An Inner Memorial
Life…and death…have sent me a reminder.
I sat at my kitchen counter as I waited for my macaroni casserole to finish in the oven, determined to finish The Omnivore’s Dilemma which was due back today. Justin came in, wrapping his arms around me in silence. I finished my paragraph, and asked if something was wrong as I looked up.
Something was wrong. My husband had tears streaming down his face. He told me he just got off the phone. A friend of his had shot and killed himself yesterday, leaving behind a wife he had recently separated from and his two small children.
I held my husband while he tried to wrap his mind around the pain this man must have been so deeply absorbed in. And as I tried to send my love to both my grieving husband and this man’s family, I silently admonished myself: My husband had come to me in quiet tears and I had to finish my paragraph before even looking up.
You think you know a lesson. It’s been impressed upon you countless times. And yet, in the every day minutes of life it is so easily lost.
It takes only a moment for our worlds to change. It takes a mere second for a trigger to be pulled and every wrong-spoken word up to that point to seem inconsequential, meaningless or unnecessary. It takes one fateful phone call to remind us that the true meaning of life lies within the actions of a single breath.
I don’t pretend to know what the experience was imparting on the father and husband in my arms, not to mention the grieve of the closest loved ones left behind. But the only thing Justin could utter was the humor and fun this man had brought to his life. He had made work worth going to on the days when no one wanted to get out of bed. His laughter left a legacy.
Earlier this morning, I had read a comment addressed to me about Zeb’s education or potential lack there of. And the words came swimming back to me as a reminder as I pressed my forehead to my husband’s and wiped away his tears. How can we wrap ourselves up in the things that will not matter in the end? Surely we can find a way to grow and learn and experience in this life without forgetting why it is we want to live in the first place? We chase those dreams for the hope of finding what we already have within our immediate reach – joy and happiness and peace.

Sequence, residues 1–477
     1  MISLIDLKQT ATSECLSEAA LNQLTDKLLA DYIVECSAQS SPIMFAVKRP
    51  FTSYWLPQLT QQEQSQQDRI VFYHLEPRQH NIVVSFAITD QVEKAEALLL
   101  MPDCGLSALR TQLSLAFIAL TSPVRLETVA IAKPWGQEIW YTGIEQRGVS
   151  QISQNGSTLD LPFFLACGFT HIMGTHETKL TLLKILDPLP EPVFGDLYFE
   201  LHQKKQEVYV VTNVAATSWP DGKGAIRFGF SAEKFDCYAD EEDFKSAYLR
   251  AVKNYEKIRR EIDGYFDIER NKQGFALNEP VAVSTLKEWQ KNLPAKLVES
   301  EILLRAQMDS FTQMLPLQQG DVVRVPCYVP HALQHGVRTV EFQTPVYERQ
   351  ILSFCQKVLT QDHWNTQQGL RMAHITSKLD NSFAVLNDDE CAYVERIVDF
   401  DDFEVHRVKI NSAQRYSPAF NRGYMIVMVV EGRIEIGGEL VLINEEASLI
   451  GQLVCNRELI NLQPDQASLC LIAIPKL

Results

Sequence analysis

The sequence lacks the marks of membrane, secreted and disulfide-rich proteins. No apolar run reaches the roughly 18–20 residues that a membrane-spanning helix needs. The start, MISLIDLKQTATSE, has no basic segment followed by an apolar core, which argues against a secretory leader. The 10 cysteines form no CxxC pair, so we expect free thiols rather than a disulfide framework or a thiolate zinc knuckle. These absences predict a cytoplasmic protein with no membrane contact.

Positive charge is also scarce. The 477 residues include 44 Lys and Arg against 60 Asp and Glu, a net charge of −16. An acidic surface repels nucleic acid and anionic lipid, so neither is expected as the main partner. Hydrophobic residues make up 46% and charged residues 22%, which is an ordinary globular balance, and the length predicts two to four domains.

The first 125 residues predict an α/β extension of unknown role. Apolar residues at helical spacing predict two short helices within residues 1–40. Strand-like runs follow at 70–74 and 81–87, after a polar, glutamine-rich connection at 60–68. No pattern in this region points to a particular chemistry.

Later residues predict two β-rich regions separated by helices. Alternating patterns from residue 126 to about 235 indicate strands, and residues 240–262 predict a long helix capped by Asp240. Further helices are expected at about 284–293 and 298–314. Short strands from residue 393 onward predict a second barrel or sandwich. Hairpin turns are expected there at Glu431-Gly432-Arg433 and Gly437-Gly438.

We, our family, lives for love. We want to live in a way to never again hear about a person’s death and become overcome with regret over the last words uttered or the memories never made. (Please Gd, let it not be forgotten again.)
Let me repeat myself, if for no one else but myself: At the end of our lives, when the phone calls are being made from one person to the next, nothing else will matter but the memories that come swarming back into the hearts of the people we called friends, were lucky enough to call family.
Life…and death…have sent me a reminder. Gentler this time, but just as powerful. And I’m feeling impressed upon to pass it along to you.
In memory of Justin’s friend, Dave and his wife and most especially his babies: Put away your deadline or your goal. Set aside your pride or your impatience. Put down your book…and walk up to someone in your life right now with nothing more than unconditional love. Hold them. Tell them what they mean to you.
Give them something pure to remember you by.
Nothing else matters.